DNR seeks public input on details of wolf hunt

Brian Larsen

For the first time in more than four decades Minnesota hunters and trappers will be allowed to hunt wolves.

Hunters or trappers will be allowed to take a total of 400 wolves this year, and the Minnesota Department of Natural Resources (DNR) is seeking public comment about details of the upcoming season.

The DNR plan is for the wolf hunt to be divided into two seasons. The early season will begin Saturday, November 3 and coincide with the deer-hunting season. Late hunting and trapping will begin Nov. 24 statewide and close January 6 or earlier if the quota of 400 wolves has been met.

Hunters will be required to check daily to see if the quota has been met.

Early wolf hunting will only be allowed in the northern portions of Minnesota where 3,600 permits will be issued to rifle hunters or bow hunters. Late season hunters and trappers will vie for 2,400 permits, with 600 of those permits going to trappers. The DNR is hoping 200 wolves will be taken in each season.

According to a press release, Steve Merchant, DNR wildlife population program manager, said the DNR is taking a very conservative approach to the first season and will use information learned this year to make improvements or changes to next year’s hunt. Merchant said the goal of the hunt is to ensure the long-term survival of the wolf and to address the conflicts between wolves and humans. So far this year 79 wolves that have killed or harmed farmers' livestock have been taken.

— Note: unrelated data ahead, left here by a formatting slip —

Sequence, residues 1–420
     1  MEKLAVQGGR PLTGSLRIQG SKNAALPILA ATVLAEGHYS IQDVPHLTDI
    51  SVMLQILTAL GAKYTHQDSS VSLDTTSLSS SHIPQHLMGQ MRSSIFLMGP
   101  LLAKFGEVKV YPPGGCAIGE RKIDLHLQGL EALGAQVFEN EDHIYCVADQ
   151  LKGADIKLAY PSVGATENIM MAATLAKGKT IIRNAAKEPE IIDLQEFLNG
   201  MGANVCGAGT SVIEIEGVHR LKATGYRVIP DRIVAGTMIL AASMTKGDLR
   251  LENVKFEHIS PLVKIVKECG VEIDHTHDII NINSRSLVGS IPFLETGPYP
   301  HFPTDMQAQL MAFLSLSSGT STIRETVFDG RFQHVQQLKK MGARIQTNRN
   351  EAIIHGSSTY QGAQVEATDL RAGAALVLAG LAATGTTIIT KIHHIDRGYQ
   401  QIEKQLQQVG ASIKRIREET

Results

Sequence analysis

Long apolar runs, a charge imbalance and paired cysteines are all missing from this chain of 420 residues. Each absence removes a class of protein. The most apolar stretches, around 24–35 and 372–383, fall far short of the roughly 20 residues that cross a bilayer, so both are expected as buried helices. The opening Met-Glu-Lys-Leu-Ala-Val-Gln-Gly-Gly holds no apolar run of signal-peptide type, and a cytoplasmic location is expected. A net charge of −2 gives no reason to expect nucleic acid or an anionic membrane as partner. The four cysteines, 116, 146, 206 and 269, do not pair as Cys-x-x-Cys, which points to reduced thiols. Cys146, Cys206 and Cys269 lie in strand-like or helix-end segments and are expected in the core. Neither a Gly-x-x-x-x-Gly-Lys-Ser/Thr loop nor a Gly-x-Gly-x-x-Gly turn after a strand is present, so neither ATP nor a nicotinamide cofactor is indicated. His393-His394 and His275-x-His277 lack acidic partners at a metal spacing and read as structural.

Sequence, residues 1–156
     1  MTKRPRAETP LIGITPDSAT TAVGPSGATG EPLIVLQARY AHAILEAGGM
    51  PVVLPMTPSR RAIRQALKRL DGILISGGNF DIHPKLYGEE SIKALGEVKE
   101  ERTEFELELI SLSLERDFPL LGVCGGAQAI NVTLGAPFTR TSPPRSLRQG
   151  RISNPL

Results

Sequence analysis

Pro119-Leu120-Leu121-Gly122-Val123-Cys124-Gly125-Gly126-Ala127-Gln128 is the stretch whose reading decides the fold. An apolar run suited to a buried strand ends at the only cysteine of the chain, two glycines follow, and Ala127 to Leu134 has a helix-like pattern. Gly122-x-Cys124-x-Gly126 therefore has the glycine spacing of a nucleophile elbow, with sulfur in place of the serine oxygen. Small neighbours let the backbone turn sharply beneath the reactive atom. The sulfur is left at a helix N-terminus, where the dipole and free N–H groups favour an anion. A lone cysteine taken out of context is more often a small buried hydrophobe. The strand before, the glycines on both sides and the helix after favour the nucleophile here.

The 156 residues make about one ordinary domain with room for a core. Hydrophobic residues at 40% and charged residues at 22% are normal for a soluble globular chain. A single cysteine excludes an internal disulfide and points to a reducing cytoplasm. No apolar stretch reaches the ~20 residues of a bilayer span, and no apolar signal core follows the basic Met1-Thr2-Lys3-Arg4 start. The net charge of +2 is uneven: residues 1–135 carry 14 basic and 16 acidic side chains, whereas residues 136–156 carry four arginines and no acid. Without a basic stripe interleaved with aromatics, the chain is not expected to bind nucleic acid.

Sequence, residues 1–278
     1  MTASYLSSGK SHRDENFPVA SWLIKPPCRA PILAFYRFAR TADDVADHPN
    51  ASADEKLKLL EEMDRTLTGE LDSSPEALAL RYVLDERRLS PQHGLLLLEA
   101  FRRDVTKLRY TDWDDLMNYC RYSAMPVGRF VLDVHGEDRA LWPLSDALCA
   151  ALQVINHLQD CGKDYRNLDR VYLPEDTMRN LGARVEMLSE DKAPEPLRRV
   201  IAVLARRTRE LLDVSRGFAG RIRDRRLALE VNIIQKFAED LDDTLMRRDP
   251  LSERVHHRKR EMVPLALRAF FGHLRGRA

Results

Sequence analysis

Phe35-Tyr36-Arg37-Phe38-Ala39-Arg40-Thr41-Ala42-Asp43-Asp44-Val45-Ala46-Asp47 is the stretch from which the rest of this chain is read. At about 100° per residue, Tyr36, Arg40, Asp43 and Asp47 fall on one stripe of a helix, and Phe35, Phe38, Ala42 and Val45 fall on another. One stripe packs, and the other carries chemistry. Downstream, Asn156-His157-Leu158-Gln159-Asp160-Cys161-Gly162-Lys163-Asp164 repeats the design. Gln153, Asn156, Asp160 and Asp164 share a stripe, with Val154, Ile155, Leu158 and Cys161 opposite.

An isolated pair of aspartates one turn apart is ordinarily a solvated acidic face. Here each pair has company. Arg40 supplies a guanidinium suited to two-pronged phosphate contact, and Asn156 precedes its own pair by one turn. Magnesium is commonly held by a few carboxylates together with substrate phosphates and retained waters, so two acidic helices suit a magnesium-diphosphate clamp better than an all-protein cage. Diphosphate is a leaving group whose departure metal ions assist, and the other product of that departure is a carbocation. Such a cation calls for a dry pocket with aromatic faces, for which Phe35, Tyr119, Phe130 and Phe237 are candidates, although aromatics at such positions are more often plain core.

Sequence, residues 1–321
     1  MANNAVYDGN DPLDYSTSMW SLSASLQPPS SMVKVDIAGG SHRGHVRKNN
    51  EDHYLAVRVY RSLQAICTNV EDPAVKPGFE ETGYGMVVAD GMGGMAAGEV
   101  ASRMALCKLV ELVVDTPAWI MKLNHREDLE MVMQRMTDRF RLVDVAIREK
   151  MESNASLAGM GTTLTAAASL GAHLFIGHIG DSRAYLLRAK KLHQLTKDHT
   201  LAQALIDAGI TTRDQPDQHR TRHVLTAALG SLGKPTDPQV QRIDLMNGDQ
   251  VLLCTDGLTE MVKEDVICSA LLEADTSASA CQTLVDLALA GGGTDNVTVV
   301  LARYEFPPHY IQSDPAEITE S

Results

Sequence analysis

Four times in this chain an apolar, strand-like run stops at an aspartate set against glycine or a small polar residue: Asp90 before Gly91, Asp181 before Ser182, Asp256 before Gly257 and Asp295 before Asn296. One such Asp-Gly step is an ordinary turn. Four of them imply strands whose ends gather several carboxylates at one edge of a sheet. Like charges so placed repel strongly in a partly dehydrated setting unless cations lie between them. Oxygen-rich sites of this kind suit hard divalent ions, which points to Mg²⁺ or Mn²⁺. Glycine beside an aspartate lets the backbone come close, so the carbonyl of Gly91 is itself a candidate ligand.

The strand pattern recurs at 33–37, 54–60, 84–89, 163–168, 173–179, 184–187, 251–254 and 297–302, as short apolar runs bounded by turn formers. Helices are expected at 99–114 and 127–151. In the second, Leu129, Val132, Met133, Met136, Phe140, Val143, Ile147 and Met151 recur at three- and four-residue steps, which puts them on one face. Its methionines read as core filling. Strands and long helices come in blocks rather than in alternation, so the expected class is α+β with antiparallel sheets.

Wolves have been protected under the federal Endangered Species Act since 1974. Before that the state had no management authority over wolves. This is the first time in the state’s history that a wolfhunting season will be held.

Wolf hunting licenses will cost $30 for residents and $250 for non-residents, with non-residents limited to no more than 5 percent of the total hunting licenses sold.

Applications will be available online on or around August 1 and the deadline will be September 6, with online winner notification no later that October 14. Purchases of licenses will end October 15.

Hunters can only take a wolf with a firearm or by bow. A trapper may only take a wolf by trap or snare. Trappers born after 1989 will need to have completed a trapper education certificate to purchase a wolf-trapping permit.

Groups of four may apply as a single group and may assist another licensed wolf hunter but may not shoot or tag for each other.

All wolves taken must be registered the day following the harvest.

To review the complete proposal and participate in the comment period, go to the DNR website:

Click here for digital edition
2012-05-26 digital edition

Special sections:

Meet the Class of 2018

Spring Home Improvement


Copyright 2009-2018 Cook County News Herald, All Rights Reserved